Dangerous books

The other day Glenn Reynolds linked a Reason piece about new federal rules for anyone running a yard or garage sales:

Selling old kids books, anything with metal, paint, or plastic that a kid might use, old clothes or shoes with metal components that a kid might wear? You know, any of the stuff people routinely sell at yard sales? Technically, you could be on the hook for thousands of dollars worth of fines.
While that was horrifying enough to read, the link to the Consumer Product Safety Commission's list makes it clear that the regulatory sweep is even broader:
CPSC's laws and regulations apply to anyone who sells or distributes consumer products. This includes thrift stores, consignment stores, charities, and individuals holding yard sales and flea markets.
So I'm not off the hook just because I don't hold yard sales. Presumably this would cover anything I might sell on Ebay or CraigsList.

And here in Ann Arbor (and also in Berkeley), it is customary for people to often put old stuff they don't want out in the strip between the sidewalk and the street -- the unwritten rule being that anything put there is free to take. Would that be, um, distribution?

It's all too easy for most people to dismiss these rules as not applying to them; a friend who buys and sells used stuff for a living seemed to think it was only directed at childrens' toys, clothes, and bedding.

What really got my attention was to read that the rules apply to books!

That's right. Some busybody bureaucrats apparently discovered that the ink which was used to print books before 1985 is bad for children to eat! Therefore, "you can be slapped with a $100,000 fine for selling your kids' old books at a yard sale."

According to a recent WaPo article, the banned books include such classics as "Little House on the Prairie.":

Rachel Merrill, mother of three, was holding innocuous-seeming contraband in her hand at an Arlington Goodwill store earlier this month: a 1971 edition of "Little House on the Prairie." This copy of the children's classic had just become illegal to resell because of concerns that some old books contain lead in their ink.
Needless to say, the "implementation" phase has librarians and bookstores rattled:
Implementation of the new law has libraries and secondhand bookstores reeling. Although they could pay to have each old book tested, the cost ($300 to $600 a book, according to the American Library Association) makes that impractical.

The [Consumer Product Safety Commission] has advised libraries not to circulate old books while the agency reviews the situation....

"We're talking about tens of millions of books," said Emily Sheketoff, executive director of the Washington office of the American Library Association...

More here.

"Consumer," you say? I think the idea that we all must be regulated to prevent moronic parents from allowing their children to eat books is a grotesque perversion of the word "consumer."

Never mind that there is not one documented case of a child ever having developed lead poisoning from a book.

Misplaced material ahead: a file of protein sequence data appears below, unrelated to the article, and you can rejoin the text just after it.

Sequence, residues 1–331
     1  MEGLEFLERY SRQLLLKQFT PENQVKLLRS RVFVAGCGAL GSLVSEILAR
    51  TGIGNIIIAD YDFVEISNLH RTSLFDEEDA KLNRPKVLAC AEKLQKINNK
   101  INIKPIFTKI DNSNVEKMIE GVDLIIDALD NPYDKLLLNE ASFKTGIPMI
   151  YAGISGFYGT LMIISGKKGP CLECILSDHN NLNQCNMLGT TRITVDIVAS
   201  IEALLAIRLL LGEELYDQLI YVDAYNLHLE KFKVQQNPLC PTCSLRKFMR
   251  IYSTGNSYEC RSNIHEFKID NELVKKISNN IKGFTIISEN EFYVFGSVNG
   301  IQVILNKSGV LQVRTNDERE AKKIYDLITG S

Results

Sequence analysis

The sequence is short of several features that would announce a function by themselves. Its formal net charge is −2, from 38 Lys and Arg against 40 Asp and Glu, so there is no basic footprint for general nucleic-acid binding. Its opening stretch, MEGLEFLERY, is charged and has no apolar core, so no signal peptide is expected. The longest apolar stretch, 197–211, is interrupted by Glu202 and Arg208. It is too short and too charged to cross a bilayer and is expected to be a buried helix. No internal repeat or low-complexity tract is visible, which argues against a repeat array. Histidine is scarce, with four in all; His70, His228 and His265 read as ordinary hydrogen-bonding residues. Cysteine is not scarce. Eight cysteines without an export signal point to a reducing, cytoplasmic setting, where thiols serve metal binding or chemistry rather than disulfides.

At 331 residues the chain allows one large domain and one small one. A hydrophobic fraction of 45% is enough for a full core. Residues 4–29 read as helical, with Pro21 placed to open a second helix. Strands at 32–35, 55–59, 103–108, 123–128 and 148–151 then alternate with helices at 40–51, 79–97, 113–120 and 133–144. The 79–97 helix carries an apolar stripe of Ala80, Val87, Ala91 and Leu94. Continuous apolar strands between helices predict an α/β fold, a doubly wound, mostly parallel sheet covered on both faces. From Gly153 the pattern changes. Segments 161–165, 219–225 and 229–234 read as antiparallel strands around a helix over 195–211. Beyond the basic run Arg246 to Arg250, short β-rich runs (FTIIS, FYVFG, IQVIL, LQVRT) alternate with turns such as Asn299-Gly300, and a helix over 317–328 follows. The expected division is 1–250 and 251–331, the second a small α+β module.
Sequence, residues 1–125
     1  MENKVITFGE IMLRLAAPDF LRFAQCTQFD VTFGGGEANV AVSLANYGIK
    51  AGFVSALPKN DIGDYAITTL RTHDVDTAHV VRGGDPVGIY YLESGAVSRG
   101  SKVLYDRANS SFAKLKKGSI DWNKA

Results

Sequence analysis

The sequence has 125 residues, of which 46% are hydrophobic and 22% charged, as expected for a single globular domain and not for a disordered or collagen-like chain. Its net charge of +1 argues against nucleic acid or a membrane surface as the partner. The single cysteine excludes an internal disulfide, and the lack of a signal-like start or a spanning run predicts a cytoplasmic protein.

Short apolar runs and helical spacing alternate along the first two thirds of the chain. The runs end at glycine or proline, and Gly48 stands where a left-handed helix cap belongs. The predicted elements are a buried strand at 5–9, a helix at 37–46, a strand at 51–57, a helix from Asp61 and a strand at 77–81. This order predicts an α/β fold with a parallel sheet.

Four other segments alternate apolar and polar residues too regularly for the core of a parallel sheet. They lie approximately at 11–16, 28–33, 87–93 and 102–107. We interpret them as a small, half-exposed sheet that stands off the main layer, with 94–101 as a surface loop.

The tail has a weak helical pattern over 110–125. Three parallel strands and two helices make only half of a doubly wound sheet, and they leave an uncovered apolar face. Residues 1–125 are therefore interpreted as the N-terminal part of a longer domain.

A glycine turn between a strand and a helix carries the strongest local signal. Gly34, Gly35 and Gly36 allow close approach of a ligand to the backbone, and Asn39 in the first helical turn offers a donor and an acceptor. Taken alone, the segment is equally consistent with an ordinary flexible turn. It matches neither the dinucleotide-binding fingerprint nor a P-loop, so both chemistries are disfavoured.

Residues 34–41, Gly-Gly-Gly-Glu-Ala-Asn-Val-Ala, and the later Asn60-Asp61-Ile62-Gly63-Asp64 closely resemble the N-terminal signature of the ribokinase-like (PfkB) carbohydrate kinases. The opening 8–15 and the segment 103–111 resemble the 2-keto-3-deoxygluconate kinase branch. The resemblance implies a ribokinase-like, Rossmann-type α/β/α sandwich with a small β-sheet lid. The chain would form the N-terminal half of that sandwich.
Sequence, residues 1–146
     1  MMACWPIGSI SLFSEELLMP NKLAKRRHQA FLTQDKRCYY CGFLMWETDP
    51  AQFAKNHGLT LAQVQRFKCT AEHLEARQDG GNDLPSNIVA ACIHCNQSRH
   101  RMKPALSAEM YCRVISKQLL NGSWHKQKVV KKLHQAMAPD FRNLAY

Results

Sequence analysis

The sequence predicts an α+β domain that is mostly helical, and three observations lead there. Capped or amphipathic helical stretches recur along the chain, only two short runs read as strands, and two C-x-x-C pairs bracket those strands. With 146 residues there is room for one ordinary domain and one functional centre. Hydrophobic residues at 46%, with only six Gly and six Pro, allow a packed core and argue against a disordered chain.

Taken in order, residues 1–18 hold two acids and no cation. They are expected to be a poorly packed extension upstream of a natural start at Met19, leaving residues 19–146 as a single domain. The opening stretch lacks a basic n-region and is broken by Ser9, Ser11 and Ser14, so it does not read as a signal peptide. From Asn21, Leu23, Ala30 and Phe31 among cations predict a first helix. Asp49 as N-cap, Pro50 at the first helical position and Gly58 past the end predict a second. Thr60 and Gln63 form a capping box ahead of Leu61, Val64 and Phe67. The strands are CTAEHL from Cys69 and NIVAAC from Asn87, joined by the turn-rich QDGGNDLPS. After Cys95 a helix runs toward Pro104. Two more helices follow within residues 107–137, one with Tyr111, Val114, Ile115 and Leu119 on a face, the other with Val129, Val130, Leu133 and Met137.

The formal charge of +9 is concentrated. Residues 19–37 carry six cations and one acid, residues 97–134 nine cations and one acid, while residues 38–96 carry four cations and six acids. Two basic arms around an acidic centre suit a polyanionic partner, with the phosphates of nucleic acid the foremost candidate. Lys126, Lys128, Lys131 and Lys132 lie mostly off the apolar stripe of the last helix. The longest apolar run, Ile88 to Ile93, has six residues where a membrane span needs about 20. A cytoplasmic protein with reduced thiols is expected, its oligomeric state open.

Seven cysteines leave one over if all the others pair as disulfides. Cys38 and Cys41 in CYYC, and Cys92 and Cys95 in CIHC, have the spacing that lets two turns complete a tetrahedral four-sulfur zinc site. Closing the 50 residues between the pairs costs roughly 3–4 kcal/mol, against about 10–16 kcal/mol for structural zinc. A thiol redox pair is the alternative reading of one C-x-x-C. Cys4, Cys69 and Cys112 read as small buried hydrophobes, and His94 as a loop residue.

The books must be destroyed!

BTW, I can't help noticing that Little House on the Prairie is a libertarian classic.

What is to become of our dangerous old, lead-filled books? Who gets to decide which classics will be considered legal, and which have to be burned?

(I guess they don't call them "safety Nazis" for nothing.)

posted by Eric on 05.12.09 at 10:00 AM










Comments

Surely our hearts would go out to anyone who may have had an unfortunate tragedy in their lives, but the combination of grieving and "newly activist" parent is a volatile combination when you add a legislator to this mix.

Penny   ·  May 12, 2009 6:30 PM

So at first I stumbled onto these survivalist bulletin boards and it seemed that they were all a bunch of nuts. I saw this story mentioned there over a year ago, and I thought they were crazy. But then it got passed, and the MSM picked it up, and now here it is. It's the same for several other stories that they were quick to pick up on. So FYI, go read Timebomb2000 and TOL

Helpful Guy   ·  May 12, 2009 9:38 PM

The disgusting thing is that they have just empowered every nosy neighbor and ambulance chaser to force you to pay thru the nose to defend yourself against complaints.

SDN   ·  May 12, 2009 10:04 PM

This is such nonsense. As a professional printer, I can tell you the amount of lead in books printed before it was banned in printing ink is usually tiny.
Lead white was added to achieve opaqueness. It would only be used in illustrations or pictures, usually old books with "plate"
illustrations. Four color process inks did not as a rule contain lead, so even post card type reproductions would not contain it.

Now if you want to discuss ink pigments, that's another story.
There's cyanide, chrome, cancer causing nitrobenzene, and a host of other toxic and dangerous chemicals. There are the ink additives like cobalt dryer. And don't forget the very toxic chemicals used in paper making itself.
Why, it's all just a witches brew.

Ban it all, for god's sake, if it will just save one child from being force fed this capitalist created time bomb of death.

Frank   ·  May 13, 2009 12:21 AM

Jan Schakowsky (D-Ill) remains unrepentant for her leading role in this travesty, preferring to attack anyone who complains.

pst314   ·  May 13, 2009 8:44 AM

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